South Korea and Japan have agreed to hold talks to scrap Tokyo’s export restrictions on key industrial materials to Seoul, taking a step closer toward mending their soured bilateral ties over the years.
Korea’s Ministry of Trade, Industry and Energy said Monday it is starting negotiations with its Japanese counterpart to ease export curbs that were imposed in 2019 in an apparent retaliatory measure against a court ruling in favor of Korean victims of forced labor during Japan’s colonial rule of the Korean peninsula in 1910-1945.
During the planned talks, the ministry added that Seoul would temporarily suspend moving forward with the lawsuit it filed with the World Trade Organization against Tokyo’s export ban.
"The two governments agreed to start bilateral talks to return bilateral trade to the state it was in before July 2019 (when the export restrictions were imposed)," said Kang Gam-chan, Seoul's trade ministry official in charge of trade and security policy, in a press briefing.
A foreign ministry official under the condition of anonymity also said that both sides "will start to make efforts to recover the relationship to how it was before the measures (referring to Japan’s trade curbs) were imposed."
If the talks are set to be resumed as agreed, it will be the first time for both countries to hold working-level talks over the trade disputes since March 2020.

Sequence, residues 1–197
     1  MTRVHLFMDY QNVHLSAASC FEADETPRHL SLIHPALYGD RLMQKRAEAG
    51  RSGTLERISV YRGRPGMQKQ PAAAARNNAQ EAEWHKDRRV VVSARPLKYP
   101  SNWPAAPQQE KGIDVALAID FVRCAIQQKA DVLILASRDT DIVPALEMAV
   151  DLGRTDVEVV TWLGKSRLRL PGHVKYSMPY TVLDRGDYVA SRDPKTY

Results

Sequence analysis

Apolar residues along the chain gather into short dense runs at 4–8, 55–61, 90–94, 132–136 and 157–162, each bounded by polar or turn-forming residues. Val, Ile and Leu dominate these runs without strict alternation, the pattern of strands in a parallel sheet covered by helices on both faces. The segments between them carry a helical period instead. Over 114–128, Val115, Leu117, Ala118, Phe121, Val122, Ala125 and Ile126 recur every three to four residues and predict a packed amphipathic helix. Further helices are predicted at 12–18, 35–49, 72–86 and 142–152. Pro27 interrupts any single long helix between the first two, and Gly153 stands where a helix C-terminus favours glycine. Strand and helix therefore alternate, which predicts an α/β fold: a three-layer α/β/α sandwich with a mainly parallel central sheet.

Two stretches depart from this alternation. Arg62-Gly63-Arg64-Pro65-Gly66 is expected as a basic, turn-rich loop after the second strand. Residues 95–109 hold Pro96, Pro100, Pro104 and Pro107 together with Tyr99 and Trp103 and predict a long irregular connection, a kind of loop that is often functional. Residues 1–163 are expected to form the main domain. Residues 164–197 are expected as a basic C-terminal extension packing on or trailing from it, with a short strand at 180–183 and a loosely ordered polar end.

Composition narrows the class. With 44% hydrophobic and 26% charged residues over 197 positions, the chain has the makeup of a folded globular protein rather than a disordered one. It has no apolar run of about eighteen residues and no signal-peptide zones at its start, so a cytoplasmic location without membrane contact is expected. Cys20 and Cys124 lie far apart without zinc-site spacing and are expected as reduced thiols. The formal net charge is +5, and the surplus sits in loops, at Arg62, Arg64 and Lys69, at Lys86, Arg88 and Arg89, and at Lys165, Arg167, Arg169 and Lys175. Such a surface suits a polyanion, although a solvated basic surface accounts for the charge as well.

Following a series of unfavorable court rulings in Seoul, Tokyo in 2019 imposed export restrictions on high tech materials, especially those for smartphones and chips, Korea’s top export items, even though it made it sure the measure had nothing to do with history disputes between the two countries.
After that, Japan also removed Korea from its list of “trusted trading partners,” citing Seoul’s lax control of sensitive materials that can be diverted for military use.
In a countermeasure, Seoul filed a complaint claiming that Tokyo’s actions violated WTO rules as well as tightening its own trade regulations against Japan.
Monday’s agreement to resume talks on trade curbs comes after Korea announced earlier in the day that it would compensate Korean victims of Japan’s forced labor via a public foundation funded by local companies, with no funding coming from Japan.